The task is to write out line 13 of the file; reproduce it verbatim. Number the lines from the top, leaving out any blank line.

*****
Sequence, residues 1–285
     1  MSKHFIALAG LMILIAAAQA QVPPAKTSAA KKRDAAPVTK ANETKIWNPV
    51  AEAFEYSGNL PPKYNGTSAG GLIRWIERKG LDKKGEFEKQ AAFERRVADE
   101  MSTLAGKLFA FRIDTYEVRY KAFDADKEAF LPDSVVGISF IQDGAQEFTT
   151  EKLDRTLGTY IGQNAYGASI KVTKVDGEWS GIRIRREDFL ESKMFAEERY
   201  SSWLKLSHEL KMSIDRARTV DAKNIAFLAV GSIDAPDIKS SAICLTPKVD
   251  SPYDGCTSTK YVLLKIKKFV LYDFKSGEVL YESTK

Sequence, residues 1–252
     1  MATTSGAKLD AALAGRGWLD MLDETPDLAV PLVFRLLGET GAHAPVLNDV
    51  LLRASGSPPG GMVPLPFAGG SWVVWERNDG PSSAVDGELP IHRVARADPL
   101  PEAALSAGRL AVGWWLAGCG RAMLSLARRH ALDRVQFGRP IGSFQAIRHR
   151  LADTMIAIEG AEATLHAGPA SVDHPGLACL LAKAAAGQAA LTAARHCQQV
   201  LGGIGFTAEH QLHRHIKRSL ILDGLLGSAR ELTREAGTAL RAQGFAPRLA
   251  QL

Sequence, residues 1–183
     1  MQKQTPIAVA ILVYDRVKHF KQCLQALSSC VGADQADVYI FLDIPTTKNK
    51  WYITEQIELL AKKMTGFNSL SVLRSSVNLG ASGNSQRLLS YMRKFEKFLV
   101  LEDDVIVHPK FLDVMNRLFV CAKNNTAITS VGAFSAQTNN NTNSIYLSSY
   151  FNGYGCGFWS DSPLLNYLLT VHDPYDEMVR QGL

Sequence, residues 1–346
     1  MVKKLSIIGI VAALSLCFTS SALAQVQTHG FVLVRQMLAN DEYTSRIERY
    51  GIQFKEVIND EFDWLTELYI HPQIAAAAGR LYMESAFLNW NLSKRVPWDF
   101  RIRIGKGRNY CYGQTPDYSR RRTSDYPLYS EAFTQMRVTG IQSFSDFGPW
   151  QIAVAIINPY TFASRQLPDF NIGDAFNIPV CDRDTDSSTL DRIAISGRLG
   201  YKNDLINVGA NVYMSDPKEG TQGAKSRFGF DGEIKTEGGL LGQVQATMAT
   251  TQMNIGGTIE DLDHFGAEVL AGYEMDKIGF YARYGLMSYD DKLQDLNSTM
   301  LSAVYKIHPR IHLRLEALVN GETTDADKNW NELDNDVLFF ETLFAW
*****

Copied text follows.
   201  LGGIGFTAEH QLHRHIKRSL ILDGLLGSAR ELTREAGTAL RAQGFAPRLA